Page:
Once again I have found legislators with more time and money on their hands than the ability to think a subject through. Did you know that new automobiles painted in black may be no more? I understand why we should protect Mother Earth but who is protecting us from them?
For starters, I was engaged in the color selection process of my '47 Chevy pickup when I heard I might not be able to buy a new black car in a few years. I had never owned a black car. I had seen too many friends spend countless hours cleaning and dusting after they had already cleaned and dusted. That was until I bought my first new shiny black Ford pickup. Unfortunately it's not cleaned as often as it should but nonetheless I am enamored with its sleek appearance.
Back on point-the Great State of California in which I grew up, received an education, raised a family, own a house, and pay taxes, more than any other state, has opted to decide which color of car I should purchase.
Yep, black is out. Actually all of the dark colors are on a hit list for new vehicles in the Gold Rush state beginning in 2012 and mandated by 2016. The goal by 2016 would have all colors meeting a 20 percent reflectivity requirement. Hell, we can't get a handful pf individuals suffering from Frankenstein complex to convert from analog television to digital even though ads have appeared for years. What makes them think something as drastic as "cool paints" is going to happen in a timely fashion?
Where did this clear thinking come from? Assembly Bill 32 (how inappropriate) is California's Global Warming Solutions Act of 2006, which requires my state to reduce Green House Gas emissions to 1990 levels by 2020 (25 percent). Cool paints were identified as an early action approach to reduce GHGs from motor vehicle air conditioners use. Some pocket protector figured out that if we use our cars air conditioner less it will translate into better fuel economy and a reduction in CO2. Ironically there is truth in the equation but it's the methodology that is so mind boggling. The measure is aimed at reducing carbon-dioxide emissions and improving fuel economy by keeping vehicles cooler on sunny days and decreasing the amount of time drivers use their air conditioners. Hey, if it happens in California you can rest assured it will filter its way past our states' borders. (Next thing the state will be controlling the thermostat in my house-wait, that's actually in the works.)
Instead of trying to develop a space pen that will write upside down how about making sure the astronauts have plenty of sharpened pencils? My point, simple is often times better. Design simplicity should be key and we should avoid unnecessary complexity. I'm reminded of the car builder who once told me that he made 124 body modifications to his hot rod. As I looked at the car I was tempted, but exhibited restraint, and thought to myself you should have stopped at three!
Instead of legislating unpopular laws why not try available technology? How about exploring more efficient A/C units and solar-powered ventilation fans? As I write it is reported in Japanese newspapers that Toyota (will neither confirm nor deny) has developed solar automotive roof panels for running electric auxiliary items such as small ventilation fans. It will keep interior temps down on hot days so that the air conditioner will not have to struggle when first started. Isn't this a simple and palatable answer to a larger problem? This could be used on cars of all colors-not just black. Surely this is one answer that could keep us from removing the color that ranks number two or three of preferred colors worldwide.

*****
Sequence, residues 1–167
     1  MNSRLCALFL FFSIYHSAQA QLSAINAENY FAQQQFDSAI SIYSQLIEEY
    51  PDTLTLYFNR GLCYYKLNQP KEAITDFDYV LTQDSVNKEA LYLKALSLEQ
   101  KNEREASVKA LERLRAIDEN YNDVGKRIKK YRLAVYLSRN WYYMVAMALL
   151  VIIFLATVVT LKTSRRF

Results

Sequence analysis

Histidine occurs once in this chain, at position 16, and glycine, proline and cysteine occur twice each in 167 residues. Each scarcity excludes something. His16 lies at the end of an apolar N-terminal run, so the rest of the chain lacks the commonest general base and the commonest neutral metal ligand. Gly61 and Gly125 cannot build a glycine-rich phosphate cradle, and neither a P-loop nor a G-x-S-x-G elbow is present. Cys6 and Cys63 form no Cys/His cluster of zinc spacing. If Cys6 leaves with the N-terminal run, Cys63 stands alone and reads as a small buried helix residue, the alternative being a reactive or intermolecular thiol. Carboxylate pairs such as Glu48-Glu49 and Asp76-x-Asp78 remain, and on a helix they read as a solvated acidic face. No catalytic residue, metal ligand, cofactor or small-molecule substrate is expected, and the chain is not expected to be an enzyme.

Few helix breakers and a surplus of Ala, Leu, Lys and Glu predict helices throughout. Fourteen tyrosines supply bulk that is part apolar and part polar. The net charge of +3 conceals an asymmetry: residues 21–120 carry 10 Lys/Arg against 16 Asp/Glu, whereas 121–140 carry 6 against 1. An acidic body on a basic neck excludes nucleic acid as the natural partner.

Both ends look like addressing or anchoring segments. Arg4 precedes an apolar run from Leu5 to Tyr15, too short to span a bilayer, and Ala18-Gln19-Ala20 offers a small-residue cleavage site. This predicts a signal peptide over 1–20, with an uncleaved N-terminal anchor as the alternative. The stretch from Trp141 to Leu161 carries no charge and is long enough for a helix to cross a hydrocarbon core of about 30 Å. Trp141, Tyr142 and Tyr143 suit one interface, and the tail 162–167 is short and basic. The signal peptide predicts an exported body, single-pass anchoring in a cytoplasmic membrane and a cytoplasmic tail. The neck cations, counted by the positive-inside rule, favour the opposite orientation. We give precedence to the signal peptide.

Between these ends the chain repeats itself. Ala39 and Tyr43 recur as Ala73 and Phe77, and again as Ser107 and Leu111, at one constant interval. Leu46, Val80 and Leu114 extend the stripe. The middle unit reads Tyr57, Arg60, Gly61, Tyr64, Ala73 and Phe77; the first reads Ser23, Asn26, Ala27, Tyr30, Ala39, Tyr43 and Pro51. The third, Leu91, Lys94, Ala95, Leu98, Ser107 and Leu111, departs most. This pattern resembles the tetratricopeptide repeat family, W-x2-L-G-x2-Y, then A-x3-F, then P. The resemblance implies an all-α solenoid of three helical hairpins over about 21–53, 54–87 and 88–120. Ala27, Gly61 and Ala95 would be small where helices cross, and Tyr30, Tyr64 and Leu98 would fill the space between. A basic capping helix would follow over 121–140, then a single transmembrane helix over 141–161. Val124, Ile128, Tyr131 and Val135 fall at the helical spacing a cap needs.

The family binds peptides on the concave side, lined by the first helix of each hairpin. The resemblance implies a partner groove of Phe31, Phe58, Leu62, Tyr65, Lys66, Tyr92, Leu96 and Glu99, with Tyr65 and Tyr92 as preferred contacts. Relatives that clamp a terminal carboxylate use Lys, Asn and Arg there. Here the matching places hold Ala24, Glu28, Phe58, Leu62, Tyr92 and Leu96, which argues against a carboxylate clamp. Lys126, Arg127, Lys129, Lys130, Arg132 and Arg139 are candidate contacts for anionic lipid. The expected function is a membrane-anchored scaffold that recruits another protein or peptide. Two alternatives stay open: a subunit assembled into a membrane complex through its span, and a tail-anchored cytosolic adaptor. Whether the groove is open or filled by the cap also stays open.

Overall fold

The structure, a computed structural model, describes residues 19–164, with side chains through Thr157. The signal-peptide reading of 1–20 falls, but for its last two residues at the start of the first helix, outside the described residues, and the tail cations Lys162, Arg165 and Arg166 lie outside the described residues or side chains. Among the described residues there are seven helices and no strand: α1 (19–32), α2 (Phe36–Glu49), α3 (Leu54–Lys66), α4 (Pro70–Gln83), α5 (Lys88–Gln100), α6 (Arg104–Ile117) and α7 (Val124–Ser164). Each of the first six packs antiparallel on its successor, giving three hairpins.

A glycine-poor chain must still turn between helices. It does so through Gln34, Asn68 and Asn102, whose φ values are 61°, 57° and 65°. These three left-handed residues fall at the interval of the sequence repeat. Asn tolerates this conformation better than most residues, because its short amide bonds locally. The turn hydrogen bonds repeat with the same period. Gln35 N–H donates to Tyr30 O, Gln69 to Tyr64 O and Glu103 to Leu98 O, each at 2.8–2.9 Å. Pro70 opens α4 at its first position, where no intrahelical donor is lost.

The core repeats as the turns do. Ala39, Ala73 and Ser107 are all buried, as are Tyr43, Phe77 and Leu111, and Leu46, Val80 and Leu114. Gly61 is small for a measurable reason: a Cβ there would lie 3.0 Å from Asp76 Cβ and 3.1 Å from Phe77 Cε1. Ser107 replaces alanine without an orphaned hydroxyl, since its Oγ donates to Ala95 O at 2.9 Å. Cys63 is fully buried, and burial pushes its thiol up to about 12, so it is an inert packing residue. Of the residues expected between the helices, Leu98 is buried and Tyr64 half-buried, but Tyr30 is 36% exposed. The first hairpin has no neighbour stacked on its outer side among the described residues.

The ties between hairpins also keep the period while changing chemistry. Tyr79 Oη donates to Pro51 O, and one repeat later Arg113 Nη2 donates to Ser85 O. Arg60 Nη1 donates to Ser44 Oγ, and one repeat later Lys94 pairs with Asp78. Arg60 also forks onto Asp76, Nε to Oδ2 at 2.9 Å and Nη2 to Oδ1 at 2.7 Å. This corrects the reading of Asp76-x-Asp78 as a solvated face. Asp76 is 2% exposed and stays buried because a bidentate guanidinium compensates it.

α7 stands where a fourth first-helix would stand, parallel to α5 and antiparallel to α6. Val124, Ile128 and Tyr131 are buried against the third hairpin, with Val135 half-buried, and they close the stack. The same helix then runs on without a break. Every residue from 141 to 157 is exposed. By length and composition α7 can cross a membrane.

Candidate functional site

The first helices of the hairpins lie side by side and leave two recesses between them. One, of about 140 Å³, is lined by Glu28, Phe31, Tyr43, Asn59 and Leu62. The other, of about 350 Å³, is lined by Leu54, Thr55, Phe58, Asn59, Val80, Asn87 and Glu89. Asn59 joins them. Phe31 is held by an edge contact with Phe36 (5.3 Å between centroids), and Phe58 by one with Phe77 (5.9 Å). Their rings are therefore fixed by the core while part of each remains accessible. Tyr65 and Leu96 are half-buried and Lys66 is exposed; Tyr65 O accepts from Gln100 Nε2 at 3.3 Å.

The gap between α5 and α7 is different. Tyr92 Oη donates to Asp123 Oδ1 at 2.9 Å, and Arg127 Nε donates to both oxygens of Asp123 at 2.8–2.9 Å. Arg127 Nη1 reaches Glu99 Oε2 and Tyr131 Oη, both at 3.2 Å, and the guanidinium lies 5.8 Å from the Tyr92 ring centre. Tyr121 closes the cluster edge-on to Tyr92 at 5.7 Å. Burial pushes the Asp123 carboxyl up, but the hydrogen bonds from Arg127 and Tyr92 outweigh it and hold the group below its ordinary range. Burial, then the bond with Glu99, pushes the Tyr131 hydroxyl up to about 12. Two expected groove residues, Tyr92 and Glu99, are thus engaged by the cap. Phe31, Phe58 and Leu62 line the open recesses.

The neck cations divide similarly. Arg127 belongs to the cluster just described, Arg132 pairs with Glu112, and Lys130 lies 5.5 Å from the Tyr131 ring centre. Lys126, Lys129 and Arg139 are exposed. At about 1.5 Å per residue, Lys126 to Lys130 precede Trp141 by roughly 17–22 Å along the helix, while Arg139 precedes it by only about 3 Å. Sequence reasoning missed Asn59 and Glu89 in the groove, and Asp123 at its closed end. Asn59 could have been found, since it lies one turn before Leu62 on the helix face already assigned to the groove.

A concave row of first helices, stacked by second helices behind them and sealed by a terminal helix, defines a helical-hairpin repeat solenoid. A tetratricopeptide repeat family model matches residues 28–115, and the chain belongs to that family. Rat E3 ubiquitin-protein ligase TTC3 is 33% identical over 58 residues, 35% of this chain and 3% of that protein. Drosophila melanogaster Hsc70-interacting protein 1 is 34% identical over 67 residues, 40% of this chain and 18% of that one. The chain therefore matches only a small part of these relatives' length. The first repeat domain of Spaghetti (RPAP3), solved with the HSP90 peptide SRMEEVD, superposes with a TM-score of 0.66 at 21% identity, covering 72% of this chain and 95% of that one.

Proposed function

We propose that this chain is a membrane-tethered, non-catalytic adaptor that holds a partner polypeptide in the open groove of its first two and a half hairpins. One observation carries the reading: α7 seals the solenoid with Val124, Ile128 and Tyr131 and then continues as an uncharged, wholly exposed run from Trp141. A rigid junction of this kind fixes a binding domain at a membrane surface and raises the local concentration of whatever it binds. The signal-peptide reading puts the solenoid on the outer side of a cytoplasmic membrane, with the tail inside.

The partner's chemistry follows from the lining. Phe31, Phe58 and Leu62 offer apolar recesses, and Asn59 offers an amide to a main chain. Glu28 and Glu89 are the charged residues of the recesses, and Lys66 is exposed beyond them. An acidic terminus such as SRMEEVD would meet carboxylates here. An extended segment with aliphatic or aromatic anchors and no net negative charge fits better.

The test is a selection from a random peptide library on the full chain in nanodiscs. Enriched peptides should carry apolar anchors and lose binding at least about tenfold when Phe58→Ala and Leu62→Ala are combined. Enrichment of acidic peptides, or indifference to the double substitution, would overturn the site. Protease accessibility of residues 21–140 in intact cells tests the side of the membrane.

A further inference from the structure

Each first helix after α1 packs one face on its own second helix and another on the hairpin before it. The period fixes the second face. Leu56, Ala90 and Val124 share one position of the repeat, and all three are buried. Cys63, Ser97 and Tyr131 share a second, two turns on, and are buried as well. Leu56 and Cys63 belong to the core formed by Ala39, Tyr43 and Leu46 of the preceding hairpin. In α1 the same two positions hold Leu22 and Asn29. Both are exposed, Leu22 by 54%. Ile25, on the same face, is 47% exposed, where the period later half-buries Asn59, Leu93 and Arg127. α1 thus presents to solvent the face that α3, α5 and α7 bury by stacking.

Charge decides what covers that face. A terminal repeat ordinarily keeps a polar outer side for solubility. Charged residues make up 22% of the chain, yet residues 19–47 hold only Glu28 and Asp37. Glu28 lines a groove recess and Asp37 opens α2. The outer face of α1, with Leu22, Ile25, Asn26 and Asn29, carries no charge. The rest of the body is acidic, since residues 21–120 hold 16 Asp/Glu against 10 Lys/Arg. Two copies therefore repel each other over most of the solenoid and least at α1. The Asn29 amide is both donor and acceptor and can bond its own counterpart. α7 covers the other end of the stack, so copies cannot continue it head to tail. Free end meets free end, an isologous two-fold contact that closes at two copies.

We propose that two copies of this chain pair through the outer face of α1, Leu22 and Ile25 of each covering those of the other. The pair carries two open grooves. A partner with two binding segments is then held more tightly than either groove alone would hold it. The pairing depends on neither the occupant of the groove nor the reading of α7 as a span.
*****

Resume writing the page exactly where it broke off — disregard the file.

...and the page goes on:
Fact: heat-reflecting automotive paints (dark colors) have not been invented as of this writing. I read a quote by a PPG executive, "The theory when (CARB) started this was you take the pigments used in buildings and put them into car paints. That's a good theory; unfortunately it doesn't quite work that easily. Believe me, we tested it right away. Requirements for color palettes are different, the process is different, and the pigments used are different."
I am particularly fond of the color that has come forth to replace black. According to paint suppliers, "Some darker hues will be available in place of black, but right now they are indentified internally at paint suppliers with names such as "mud-puddle brown" and are truly ugly substitutes for today's rich ebony hues."
Somewhere in all of the states research they have failed to take into account that new automotive paint systems also have to undergo two years of testing. Again, according to PPG, another item government bureaucrats never considered, three-year product lead times. Why should they? Just crank up the ol' public tax meter and squeeze a little harder. And we voted these people into office!
How does all this impact hot rods built, under construction, or to be restored? No one knows for sure but one thing is for sure it will be screwed-up when the decision is handed down.
Henry Ford the man who told us, "You can get a Model T in any color as long as it is black." It should be pointed out that Henry's customers wanted a quality car at an affordable price. Here's what Henry knew, in the day black paint dried faster and didn't slow down the assembly line as would another color, and it was also the most durable paint. Henry delivered a quality car at an affordable price.
I suppose in these troubling times we should remember another of Henry's famous quotes, "When everything seems to be going against you, remember that the airplane takes off against the wind, not with it."
We are in the midst of one hell of a wind, and if Henry would like to come back and lend a hand I would be the first to welcome him!